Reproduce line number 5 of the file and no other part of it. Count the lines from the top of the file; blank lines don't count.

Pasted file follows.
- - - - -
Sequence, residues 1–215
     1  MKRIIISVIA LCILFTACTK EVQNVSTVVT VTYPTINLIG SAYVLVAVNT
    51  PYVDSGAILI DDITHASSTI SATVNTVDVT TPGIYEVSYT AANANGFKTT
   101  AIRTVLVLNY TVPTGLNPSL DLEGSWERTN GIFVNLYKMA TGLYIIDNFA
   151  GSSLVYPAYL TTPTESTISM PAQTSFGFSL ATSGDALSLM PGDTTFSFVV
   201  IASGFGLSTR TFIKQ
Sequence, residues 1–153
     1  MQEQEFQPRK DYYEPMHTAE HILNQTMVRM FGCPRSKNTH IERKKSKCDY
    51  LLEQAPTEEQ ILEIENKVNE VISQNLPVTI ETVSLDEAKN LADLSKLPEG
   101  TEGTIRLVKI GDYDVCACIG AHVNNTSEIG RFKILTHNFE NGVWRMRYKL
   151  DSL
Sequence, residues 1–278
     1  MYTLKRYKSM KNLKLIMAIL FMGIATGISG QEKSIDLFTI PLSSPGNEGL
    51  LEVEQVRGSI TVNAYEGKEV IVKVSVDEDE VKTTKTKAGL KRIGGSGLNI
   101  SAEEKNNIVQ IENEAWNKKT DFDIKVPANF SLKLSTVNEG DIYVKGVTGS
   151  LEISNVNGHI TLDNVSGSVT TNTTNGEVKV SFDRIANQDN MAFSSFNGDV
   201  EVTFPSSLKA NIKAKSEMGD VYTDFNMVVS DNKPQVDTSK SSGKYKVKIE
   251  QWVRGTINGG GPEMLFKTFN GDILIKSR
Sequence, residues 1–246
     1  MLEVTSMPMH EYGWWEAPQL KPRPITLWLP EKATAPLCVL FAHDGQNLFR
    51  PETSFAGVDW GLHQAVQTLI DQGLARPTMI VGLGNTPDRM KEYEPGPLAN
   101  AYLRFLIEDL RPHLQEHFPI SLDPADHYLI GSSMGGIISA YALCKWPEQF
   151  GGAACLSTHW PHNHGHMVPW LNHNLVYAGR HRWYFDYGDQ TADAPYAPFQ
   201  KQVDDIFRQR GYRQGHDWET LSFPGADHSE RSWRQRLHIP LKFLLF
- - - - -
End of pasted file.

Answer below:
   151  GSSLVYPAYL TTPTESTISM PAQTSFGFSL ATSGDALSLM PGDTTFSFVV